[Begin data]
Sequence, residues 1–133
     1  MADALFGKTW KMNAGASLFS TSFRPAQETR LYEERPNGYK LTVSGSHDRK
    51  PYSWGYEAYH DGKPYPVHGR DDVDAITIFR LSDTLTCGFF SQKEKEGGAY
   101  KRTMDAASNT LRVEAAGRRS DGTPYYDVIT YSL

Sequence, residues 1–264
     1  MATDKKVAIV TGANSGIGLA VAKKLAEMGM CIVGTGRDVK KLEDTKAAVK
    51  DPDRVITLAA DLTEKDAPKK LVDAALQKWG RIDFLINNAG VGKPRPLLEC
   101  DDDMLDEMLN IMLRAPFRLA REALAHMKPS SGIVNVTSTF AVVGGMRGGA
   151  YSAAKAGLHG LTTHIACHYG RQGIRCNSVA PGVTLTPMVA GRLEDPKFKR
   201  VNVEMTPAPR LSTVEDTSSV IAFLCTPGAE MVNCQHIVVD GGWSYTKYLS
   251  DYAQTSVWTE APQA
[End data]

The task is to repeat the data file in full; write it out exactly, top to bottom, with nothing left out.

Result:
Sequence, residues 1–133
     1  MADALFGKTW KMNAGASLFS TSFRPAQETR LYEERPNGYK LTVSGSHDRK
    51  PYSWGYEAYH DGKPYPVHGR DDVDAITIFR LSDTLTCGFF SQKEKEGGAY
   101  KRTMDAASNT LRVEAAGRRS DGTPYYDVIT YSL

Sequence, residues 1–264
     1  MATDKKVAIV TGANSGIGLA VAKKLAEMGM CIVGTGRDVK KLEDTKAAVK
    51  DPDRVITLAA DLTEKDAPKK LVDAALQKWG RIDFLINNAG VGKPRPLLEC
   101  DDDMLDEMLN IMLRAPFRLA REALAHMKPS SGIVNVTSTF AVVGGMRGGA
   151  YSAAKAGLHG LTTHIACHYG RQGIRCNSVA PGVTLTPMVA GRLEDPKFKR
   201  VNVEMTPAPR LSTVEDTSSV IAFLCTPGAE MVNCQHIVVD GGWSYTKYLS
   251  DYAQTSVWTE APQA